The “new frontier” in healthcare recruiting has been revealed in studies which show how much money hospitals lose by having UNFILLED physician jobs – a Merritt-Hawking study in 2006 and then the Advisory Board Company, Inc. in 2008, they reviewed that each month lost equals $150,000-200,000 lost, and combined with poor retention numbers, companies often face restarting very expensive processes.

All superior sales professionals have a “go-to” sales tool and other resources designed – as in any competitive sales environment, are designed to compete, do a better job than competitors, and influence the outcome; these tools are often used as leverage by sales people to offset their own limitations.  In sales, and arguably more so with physician recruitment when a specialist can have a huge impact on a hospital’s patients, it’s perfectly acceptable to have a powerful tool that serves to help the recruiter, the hospital, and the candidate come to decisions better and faster.

  • Online Job Tour has already proven to be a phenomenal tool that not only influences outcomes but promotes faster placements.  Whether you consider our work or any other, it is important to investigate proven ways to improve results and make faster and better placements by better informing and competing for candidates.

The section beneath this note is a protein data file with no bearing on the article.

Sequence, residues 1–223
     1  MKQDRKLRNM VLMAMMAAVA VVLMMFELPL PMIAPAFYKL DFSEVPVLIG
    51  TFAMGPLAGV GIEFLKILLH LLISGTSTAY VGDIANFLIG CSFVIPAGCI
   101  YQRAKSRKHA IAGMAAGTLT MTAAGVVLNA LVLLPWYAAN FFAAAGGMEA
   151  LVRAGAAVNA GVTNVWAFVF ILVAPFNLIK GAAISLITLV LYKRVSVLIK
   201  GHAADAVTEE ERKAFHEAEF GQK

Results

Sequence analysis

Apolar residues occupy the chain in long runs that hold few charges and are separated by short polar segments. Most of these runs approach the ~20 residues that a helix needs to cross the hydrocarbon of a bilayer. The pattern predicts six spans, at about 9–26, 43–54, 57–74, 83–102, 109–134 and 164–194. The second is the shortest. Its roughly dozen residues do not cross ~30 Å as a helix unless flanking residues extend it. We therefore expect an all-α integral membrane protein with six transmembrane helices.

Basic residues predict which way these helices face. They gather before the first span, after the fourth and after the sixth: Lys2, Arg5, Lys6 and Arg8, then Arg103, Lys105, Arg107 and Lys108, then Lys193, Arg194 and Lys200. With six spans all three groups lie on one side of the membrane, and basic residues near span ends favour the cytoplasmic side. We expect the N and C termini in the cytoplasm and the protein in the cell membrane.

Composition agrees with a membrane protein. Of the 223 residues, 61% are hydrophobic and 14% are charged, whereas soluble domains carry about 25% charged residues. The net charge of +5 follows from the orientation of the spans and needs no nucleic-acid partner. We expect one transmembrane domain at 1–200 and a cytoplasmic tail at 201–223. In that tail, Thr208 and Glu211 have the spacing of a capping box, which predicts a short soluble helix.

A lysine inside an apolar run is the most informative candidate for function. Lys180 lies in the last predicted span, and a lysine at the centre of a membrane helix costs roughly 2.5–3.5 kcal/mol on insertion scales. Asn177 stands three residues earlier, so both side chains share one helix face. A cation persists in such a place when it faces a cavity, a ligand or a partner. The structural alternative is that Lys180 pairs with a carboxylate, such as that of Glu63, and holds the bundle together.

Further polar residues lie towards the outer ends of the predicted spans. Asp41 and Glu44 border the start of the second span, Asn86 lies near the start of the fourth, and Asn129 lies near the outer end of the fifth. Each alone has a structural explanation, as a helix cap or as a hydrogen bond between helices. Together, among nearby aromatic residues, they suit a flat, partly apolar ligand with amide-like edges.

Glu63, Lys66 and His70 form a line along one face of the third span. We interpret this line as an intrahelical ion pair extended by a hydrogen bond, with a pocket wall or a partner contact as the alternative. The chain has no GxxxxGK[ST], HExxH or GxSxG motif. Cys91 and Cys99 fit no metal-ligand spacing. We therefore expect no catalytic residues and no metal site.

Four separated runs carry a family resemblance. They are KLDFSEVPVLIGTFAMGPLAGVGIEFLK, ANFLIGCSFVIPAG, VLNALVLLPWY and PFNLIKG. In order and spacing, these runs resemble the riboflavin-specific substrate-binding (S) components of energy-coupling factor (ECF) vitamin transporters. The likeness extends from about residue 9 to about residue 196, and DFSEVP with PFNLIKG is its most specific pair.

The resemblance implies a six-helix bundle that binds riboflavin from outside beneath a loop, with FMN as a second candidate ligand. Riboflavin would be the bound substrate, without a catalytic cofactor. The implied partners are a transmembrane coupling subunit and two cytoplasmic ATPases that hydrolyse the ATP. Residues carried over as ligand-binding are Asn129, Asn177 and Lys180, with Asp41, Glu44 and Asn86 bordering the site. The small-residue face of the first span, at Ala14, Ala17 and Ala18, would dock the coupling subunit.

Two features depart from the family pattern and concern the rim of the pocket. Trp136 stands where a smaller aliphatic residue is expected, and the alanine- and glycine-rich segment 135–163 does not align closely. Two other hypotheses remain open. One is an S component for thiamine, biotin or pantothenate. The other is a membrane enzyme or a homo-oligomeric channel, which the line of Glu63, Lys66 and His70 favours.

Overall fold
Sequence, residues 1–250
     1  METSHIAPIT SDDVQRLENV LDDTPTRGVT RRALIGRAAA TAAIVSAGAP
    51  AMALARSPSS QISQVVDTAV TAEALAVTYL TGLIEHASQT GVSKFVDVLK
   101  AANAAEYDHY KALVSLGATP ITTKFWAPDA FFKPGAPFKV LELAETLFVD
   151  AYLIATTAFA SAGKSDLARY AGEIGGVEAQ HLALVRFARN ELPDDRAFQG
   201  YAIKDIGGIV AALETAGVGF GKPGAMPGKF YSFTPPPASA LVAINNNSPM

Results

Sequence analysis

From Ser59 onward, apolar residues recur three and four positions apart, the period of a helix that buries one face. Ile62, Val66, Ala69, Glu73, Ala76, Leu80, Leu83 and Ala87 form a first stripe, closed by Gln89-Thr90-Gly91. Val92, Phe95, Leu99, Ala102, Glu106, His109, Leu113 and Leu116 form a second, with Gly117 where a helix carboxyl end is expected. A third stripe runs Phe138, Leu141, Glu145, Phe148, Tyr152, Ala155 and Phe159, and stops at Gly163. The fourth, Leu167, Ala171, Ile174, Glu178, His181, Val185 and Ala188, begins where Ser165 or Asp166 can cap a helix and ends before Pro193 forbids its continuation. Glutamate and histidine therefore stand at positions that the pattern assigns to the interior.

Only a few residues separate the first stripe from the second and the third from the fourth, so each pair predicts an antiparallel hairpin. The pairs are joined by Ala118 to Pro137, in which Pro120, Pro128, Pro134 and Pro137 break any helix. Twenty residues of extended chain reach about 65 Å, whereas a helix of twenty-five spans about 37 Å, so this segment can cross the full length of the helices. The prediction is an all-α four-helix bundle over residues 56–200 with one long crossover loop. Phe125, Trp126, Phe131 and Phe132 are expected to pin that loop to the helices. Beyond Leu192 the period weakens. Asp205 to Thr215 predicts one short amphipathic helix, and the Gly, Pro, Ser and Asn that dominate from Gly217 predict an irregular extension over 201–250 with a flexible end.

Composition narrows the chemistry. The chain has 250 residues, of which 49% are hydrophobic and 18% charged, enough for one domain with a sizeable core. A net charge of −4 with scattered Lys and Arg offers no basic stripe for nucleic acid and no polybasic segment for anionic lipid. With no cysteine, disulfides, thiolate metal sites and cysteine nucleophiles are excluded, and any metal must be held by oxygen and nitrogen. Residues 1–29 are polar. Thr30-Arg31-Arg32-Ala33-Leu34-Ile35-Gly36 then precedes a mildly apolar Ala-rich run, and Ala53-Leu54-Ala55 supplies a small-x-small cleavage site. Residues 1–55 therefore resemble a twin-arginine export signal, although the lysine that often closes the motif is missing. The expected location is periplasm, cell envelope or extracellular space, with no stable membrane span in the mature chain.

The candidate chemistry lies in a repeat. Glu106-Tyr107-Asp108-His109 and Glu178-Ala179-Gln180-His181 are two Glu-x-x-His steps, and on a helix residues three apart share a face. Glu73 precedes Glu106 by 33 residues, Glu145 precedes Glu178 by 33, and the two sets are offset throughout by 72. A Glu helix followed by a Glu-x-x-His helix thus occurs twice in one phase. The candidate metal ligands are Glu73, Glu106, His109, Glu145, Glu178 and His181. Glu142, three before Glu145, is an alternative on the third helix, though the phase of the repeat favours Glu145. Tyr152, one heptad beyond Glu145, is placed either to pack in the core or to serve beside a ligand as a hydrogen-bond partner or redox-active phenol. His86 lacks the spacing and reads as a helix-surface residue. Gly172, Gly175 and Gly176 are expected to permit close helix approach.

Hospitals must invest in a tool their staff can believe and lean on for many reasons.  The new focus born through technology and how jobseekers are online, are online resources that impact and make the process more efficient, and provide a consistency in the delivery of the message that transcends the talent of the recruiters and instead promotes a “protocol” where the team focuses hustling and working to improve efficiency and the numbers.

  • More technology needs for in-house recruiters:  Technology should be used to attract proprietary candidates when possible during this time when hospitals are “over-relying” on outside sources to provide candidates – who are being exposed to numerous jobs by opportunistic vendors.  The latest computer and mobile tools, as well as social media, need to be engaged and investigated because they are the “playground” of your prospective candidates and their families.  Resisting involvement in Social Media – to both brand the organization as well as to develop and grow direct and referral relationships, and not having the latest wireless technology tools, ultimately costs more money to the hospital than the investment in providing them to the in-house recruiting staff.

Carl Brickman can be reached at as well as on Facebook at OnlineJobTour and Twitter @OnlineJobTour.
Studio Phone: 813-855-5185


Leave a Reply

Fill in your details below or click an icon to log in: Logo

You are commenting using your account. Log Out /  Change )

Google+ photo

You are commenting using your Google+ account. Log Out /  Change )

Twitter picture

You are commenting using your Twitter account. Log Out /  Change )

Facebook photo

You are commenting using your Facebook account. Log Out /  Change )


Connecting to %s